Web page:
Keeping the pump mounted above the floor of the upper toolbox also allowed room for storage of the suction and discharge hoses. There is enough room for 30 feet of discharge hose and 10 feet of suction hose to be stored in the bottom of the toolbox. It was a simple task to flip the tray over in order to use the pump and deploy the suction and discharge hoses.








There were two minor problems encountered with the hoses. The first was a small weight needed to be added to the suction hose because the weight of the debris strainer  was insufficient to keep the end of the suction hose submerged. The other problem was kinking hoses caused by the pump design. This was solved by adding an elbow to the suction and discharge outlets of the pump.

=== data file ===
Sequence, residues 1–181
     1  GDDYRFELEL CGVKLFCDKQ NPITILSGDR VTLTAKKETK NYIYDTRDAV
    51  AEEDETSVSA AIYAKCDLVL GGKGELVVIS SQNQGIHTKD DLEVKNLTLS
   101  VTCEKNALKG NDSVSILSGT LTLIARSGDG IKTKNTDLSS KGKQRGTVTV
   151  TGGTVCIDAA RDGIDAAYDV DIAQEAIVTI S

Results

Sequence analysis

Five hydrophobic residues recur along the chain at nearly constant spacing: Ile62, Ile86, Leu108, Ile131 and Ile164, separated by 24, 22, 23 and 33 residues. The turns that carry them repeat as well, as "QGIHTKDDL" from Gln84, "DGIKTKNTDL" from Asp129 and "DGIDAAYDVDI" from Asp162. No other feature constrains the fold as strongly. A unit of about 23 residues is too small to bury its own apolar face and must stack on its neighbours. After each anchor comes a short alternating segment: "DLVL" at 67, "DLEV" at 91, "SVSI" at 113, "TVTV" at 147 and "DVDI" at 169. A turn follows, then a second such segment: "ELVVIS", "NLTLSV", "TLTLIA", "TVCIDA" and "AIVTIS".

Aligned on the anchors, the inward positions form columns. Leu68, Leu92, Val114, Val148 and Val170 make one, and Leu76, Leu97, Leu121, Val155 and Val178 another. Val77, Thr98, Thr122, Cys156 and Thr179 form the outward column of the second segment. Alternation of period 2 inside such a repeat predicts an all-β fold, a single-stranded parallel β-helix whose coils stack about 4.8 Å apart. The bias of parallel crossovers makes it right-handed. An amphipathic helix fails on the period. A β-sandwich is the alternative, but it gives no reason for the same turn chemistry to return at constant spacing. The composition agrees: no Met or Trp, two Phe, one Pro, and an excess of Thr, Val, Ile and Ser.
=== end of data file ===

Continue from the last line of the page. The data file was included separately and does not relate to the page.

Testing the pump found it to have a minimal current draw of slightly more than 2.5 amps and a surge draw of about 4 amps until the pump was primed. This is low enough that it shouldn’t place a significantly large burden on the batteries.


3. Installing the Batteries




The lower bin of the rolling toolbox offered space that could be utilized to hold a battery (or batteries) depending upon their size. Other versions of this toolbox offered a removable upper toolbox and a lower bin that was capable of holding a larger battery. The lower bin on this model of toolbox did not offer sufficient room to hold a larger deep-cycle battery (Group 24 or 27?). This also would have increased the weight factor significantly and ultimately affected its portability.